Everyone in Main Mission is looking at satellite pictures of the moon speeding away from the earth. Is this a good time to mention that if there actually were an explosion on the far side of the moon, the moon would be driven into the earth, not away from it? I kind of feel bad pointing that out, but it’s not my fault the central concept of this show is nonsense.
Everyone wants to know if they can use the shuttles to evacuate to earth. So Koenig asks the computer. The computer doesn’t think much of the plan, reciting a list of undefined factors that include “moon on unknown trajectory”. I don’t know, calculating a trajectory seems like something a computer would be really good at. This one, however, appears to have been entirely programmed in Basic as follows:
20 PRINT “You’re Boned.”
30 GOTO 10
The computer gives up and says, “Human decision required.”
The decision is Koenig’s. And that causes him to brood. If you thought Martin Landau brooded before, you don’t know Martin Landau. He digs down, accesses his sense memory, deploys the Stanislavski Maneuver, and broods for the Oscar.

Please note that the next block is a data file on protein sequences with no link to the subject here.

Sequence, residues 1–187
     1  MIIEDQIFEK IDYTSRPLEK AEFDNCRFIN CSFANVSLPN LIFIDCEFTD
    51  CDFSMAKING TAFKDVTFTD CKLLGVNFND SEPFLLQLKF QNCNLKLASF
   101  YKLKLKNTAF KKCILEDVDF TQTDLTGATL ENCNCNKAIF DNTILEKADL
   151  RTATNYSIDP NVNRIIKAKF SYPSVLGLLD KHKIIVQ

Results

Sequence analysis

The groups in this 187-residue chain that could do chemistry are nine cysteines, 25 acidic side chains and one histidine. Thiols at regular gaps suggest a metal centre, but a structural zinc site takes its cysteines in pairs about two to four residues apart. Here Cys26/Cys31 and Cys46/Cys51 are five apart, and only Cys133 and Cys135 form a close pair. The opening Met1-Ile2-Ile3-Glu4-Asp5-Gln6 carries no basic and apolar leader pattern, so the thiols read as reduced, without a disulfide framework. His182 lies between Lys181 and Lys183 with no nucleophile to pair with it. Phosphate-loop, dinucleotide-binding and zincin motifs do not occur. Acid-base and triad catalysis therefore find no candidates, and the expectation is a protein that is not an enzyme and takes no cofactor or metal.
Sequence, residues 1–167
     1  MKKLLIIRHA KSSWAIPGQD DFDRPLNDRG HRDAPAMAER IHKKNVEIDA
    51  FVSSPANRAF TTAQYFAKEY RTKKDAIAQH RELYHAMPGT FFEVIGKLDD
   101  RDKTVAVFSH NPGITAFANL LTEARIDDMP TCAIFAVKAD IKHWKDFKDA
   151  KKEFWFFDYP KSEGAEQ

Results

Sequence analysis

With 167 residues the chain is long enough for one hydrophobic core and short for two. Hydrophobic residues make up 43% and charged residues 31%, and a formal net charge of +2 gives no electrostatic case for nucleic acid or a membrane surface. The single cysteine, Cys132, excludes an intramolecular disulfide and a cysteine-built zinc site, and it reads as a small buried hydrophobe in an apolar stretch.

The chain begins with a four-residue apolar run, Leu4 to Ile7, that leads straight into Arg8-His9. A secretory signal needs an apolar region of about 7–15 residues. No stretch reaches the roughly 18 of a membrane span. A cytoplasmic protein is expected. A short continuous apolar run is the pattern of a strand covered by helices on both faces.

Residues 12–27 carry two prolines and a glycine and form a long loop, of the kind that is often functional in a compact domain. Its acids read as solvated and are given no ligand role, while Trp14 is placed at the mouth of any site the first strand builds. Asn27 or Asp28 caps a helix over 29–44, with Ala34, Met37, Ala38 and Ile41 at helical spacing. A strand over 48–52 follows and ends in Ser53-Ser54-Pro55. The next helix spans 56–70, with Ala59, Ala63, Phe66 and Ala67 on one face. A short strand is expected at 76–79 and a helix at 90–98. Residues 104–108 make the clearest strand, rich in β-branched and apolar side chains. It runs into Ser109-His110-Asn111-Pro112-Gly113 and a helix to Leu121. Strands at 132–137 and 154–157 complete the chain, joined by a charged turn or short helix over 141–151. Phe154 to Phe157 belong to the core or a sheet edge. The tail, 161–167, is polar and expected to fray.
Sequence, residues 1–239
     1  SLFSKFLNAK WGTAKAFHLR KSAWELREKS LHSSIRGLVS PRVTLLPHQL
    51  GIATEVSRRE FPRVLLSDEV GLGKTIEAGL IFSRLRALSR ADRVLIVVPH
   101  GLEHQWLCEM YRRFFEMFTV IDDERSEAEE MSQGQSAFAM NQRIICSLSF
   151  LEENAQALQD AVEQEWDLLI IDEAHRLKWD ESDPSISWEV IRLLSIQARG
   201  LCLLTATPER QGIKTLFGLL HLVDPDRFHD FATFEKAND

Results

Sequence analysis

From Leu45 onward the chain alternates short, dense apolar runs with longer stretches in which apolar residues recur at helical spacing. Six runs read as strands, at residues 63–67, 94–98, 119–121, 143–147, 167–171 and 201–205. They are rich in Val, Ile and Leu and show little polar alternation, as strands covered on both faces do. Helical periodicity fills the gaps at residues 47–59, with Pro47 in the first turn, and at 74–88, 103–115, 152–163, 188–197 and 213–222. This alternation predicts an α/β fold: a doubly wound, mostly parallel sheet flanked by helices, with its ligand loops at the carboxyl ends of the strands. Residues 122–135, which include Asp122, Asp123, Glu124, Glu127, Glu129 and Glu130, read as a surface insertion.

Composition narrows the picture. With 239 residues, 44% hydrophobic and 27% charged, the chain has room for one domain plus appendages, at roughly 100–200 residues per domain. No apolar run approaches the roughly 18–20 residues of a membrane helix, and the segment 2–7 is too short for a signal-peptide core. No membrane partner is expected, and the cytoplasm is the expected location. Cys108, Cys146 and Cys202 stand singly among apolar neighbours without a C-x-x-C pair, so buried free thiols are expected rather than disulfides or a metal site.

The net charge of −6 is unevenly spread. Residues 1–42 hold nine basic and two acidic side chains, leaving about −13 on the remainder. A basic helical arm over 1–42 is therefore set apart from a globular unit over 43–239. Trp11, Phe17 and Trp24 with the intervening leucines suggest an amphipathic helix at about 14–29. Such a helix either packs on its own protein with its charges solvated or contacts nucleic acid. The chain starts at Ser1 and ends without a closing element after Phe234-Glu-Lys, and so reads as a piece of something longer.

One full minute later, he addresses the entire crew. It’s a very long speech that basically makes the point that they’re safe and alive on the base, but they would die if they try to get back to earth. So he says, “we do not try.” Great commanding, Koenig. I hope the hydroponics bay grows… everything.
They fade out for the last commercial break. Maybe it was for a Dunkin’ Donuts ad starring loveable seven-year-old Mason Reese.
“And by 1999, munchkins will come in four flavors!”
Back from enjoying this breakthrough in donut technology, the cast watches a newscast from earth. It’s just a white guy sitting in front of a bland background with no graphics, still shot, video, or anything else. Which is not quite what news looked like back in 1999. What’s the best way to fail to predict the future? Don’t even try.